A few nights ago I was thinking about the connection (or lack of connection) between an artist and their work.
What brought this to mind was that Marcus had a little trouble sleeping (poor parenting on my behalf facilitated an over-indulgence in chocolate). Unusually, he requested patting to help him sleep. Most parents would, I think, describe this as a very pleasant activity – lying next to a drowsy child and patting them until they fall asleep. Marcus has pretty much grown out of it, but Gina and I still get to fight, occasionally, for the honour.
Marcus also requested “Enya”. Since he was very little, Enya’s “A Day Without Rain” has been a preferred CD to fall asleep by. When he was really little (and extremely stubborn), I stumbled across its magic powers.
There’s something very personal about being sung to sleep (if we’re not in the mood for Enya, he sometimes gets my singing instead). Of course, Enya has no idea that a little kid on the far side of the planet has listened to her CD hundreds of times, to the extent that it has an immediate calming effect on him.
I was also reminded of the cartoonist Gary Larson, who has written as follows about the fact that he doesn’t like his cartoons to be reproduced without permission:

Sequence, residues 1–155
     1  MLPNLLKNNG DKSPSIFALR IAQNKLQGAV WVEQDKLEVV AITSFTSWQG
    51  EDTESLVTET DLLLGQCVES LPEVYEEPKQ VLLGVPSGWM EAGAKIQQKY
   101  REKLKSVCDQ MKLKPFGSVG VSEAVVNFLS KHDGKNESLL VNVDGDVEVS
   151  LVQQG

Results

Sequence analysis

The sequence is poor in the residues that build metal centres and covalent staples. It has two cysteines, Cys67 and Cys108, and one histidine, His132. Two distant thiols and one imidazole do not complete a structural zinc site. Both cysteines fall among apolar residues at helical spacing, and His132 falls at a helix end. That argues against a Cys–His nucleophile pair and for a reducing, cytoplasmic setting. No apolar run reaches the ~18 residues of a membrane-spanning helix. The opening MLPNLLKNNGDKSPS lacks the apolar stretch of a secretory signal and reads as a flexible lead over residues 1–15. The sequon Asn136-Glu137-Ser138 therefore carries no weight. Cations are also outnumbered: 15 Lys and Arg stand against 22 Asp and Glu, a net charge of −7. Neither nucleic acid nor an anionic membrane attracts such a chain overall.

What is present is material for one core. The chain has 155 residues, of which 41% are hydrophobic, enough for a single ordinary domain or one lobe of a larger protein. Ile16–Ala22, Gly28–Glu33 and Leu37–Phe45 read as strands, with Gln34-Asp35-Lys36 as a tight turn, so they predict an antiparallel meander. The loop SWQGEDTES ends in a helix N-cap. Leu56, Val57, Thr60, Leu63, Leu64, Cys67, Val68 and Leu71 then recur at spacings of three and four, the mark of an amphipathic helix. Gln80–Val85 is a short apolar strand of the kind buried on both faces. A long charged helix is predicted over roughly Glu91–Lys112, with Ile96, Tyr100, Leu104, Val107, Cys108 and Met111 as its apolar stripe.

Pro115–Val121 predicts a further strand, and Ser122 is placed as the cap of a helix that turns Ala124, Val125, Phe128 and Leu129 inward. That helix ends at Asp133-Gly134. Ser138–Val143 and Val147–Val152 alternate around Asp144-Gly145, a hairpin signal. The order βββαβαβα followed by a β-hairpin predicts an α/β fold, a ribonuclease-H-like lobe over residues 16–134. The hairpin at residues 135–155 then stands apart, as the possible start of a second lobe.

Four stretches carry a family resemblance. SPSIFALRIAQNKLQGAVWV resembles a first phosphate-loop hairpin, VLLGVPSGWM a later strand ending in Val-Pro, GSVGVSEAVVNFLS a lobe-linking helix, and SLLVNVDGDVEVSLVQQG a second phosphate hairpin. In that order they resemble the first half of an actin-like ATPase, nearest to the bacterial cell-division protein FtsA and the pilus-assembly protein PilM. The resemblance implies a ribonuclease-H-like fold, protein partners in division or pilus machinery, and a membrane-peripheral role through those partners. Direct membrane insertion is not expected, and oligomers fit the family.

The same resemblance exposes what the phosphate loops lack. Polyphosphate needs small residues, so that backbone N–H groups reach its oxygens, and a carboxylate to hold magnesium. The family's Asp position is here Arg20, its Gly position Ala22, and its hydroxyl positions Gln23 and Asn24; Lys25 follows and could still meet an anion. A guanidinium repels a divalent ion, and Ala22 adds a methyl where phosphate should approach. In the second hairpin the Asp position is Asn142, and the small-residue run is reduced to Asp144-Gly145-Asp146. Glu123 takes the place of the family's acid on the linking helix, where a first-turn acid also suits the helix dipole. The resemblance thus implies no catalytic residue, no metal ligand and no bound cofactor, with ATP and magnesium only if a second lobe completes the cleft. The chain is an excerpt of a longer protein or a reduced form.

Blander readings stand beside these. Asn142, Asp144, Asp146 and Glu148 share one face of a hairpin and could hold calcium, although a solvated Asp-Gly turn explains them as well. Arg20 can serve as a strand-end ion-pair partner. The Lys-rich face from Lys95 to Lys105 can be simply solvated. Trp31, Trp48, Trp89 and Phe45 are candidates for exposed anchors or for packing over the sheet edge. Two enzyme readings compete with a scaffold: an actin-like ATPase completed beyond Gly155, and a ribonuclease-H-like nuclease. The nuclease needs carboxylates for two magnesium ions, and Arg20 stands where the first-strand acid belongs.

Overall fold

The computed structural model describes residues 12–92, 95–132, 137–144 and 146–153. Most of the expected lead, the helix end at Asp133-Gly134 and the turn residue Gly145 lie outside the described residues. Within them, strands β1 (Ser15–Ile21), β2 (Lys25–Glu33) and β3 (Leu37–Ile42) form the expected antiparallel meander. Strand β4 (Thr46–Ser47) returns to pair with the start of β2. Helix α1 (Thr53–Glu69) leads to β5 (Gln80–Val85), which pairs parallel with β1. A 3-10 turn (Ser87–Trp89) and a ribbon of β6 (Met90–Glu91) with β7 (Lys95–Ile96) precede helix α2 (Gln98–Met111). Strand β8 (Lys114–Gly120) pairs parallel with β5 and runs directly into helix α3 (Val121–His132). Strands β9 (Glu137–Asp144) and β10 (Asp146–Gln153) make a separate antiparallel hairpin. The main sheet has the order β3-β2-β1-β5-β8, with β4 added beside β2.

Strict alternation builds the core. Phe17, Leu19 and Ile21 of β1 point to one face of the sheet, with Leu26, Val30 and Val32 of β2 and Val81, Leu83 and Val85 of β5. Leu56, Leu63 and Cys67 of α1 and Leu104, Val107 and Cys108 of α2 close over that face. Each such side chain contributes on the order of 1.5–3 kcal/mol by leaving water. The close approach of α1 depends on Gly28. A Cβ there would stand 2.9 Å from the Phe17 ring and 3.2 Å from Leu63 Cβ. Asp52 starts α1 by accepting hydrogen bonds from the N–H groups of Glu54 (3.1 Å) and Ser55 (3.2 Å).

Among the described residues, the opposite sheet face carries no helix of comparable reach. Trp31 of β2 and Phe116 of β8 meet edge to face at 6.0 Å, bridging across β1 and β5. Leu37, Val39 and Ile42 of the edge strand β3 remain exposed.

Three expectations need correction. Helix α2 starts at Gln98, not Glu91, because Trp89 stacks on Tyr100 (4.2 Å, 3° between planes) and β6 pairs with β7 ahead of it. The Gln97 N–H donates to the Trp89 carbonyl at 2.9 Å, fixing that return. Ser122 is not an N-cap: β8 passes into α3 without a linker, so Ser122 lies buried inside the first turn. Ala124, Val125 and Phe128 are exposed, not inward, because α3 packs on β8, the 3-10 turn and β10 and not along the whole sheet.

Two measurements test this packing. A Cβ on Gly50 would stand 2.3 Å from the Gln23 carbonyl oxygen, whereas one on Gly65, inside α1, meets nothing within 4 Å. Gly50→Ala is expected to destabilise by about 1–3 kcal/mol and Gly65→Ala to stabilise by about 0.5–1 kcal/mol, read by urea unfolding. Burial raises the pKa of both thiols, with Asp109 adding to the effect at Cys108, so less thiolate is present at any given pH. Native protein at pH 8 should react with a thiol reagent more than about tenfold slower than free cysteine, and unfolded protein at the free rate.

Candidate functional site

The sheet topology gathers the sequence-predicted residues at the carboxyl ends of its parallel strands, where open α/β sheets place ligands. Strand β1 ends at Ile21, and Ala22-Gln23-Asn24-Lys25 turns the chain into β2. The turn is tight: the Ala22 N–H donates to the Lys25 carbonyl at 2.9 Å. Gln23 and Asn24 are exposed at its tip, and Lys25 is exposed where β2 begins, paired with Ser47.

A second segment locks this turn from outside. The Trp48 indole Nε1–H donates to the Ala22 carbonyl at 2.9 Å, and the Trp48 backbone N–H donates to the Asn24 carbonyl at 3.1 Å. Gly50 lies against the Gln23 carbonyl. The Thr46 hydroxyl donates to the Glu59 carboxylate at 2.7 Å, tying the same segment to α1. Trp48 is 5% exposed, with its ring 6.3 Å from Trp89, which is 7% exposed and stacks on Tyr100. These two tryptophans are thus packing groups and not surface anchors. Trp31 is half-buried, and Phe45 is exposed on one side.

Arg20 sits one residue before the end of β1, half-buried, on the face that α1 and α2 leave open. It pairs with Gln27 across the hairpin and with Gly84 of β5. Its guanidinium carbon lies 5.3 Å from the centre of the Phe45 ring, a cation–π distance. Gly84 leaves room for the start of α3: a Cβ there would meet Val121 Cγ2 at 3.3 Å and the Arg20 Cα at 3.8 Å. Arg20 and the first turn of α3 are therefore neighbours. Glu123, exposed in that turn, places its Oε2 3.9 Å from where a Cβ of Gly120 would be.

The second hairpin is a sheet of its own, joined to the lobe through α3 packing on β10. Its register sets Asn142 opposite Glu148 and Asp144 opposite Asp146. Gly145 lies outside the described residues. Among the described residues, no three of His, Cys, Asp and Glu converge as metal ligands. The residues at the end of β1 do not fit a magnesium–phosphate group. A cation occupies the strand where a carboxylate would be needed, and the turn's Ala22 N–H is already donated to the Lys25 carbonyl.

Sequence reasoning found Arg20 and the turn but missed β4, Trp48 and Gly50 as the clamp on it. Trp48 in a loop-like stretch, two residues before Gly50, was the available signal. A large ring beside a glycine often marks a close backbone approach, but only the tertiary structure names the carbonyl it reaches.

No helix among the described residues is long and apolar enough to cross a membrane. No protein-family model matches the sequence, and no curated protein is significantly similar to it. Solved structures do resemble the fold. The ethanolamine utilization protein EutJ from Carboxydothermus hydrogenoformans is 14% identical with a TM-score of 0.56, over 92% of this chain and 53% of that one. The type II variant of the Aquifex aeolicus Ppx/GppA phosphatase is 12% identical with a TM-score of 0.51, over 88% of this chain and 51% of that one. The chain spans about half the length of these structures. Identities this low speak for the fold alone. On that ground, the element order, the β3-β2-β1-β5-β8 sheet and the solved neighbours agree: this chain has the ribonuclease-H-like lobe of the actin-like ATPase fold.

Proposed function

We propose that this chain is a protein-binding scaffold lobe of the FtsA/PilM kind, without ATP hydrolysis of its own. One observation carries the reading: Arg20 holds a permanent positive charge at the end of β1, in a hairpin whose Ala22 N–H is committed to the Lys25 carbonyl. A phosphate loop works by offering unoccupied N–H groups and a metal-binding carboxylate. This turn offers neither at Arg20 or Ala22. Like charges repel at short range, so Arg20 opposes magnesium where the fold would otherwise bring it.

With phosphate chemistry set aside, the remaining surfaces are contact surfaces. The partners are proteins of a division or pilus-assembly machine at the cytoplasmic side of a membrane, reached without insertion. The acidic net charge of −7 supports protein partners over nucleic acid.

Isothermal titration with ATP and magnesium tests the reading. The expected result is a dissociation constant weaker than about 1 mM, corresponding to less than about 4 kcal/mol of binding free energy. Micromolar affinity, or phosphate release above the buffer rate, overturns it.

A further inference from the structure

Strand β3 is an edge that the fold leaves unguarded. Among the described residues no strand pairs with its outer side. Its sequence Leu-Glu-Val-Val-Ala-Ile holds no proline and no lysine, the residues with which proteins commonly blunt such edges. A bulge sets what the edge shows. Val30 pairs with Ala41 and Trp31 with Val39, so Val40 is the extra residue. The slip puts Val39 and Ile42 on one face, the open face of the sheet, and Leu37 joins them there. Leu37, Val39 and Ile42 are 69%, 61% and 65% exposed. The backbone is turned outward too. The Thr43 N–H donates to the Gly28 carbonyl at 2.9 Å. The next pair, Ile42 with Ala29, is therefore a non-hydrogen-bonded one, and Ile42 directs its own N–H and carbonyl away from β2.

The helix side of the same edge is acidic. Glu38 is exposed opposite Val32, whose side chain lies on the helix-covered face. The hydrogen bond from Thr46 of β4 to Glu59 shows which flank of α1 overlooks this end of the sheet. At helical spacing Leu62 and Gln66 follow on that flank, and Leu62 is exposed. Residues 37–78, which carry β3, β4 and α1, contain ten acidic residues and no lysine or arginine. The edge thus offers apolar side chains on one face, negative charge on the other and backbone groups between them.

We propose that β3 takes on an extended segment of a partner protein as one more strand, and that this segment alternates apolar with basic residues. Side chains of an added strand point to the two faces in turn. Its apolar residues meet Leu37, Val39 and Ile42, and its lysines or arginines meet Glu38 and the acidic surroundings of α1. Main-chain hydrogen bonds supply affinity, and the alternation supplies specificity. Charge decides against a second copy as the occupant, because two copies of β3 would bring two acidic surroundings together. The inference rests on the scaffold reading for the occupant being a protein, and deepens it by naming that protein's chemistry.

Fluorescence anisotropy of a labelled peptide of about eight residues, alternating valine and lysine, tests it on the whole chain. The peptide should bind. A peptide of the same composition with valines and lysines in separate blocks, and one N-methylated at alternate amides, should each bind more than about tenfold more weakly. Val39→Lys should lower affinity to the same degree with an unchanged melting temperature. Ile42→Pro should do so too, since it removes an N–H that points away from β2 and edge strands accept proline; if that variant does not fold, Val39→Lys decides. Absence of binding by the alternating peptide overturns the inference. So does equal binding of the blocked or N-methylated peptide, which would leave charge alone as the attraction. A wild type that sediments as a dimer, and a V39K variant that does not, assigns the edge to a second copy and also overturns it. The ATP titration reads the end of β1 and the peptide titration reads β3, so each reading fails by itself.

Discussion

These cartoons are my "children," of sorts, and like a parent, I'm concerned about where they go at night without telling me. And, seeing them at someone's web site is like getting the call at 2:00 a.m. that goes, "Uh, Dad, you're not going to like this much, but guess where I am. " (http://bit.ly/8jCXe)
It’s increasingly difficult for artists – and indeed anyone who publishes anything – to keep track of their children. I remember Ken Carroll at ChinesePod (www.chinesepod.com) saying to me that you have to accept that anything you put on the web will be clipped and copied, and accordingly look to make a living from “edge competencies” instead of getting income directly from your primary work.
Anyway, I can assure Enya that at least one of her children has been in the best of company for the past few years, helping my child to drift into a peaceful sleep.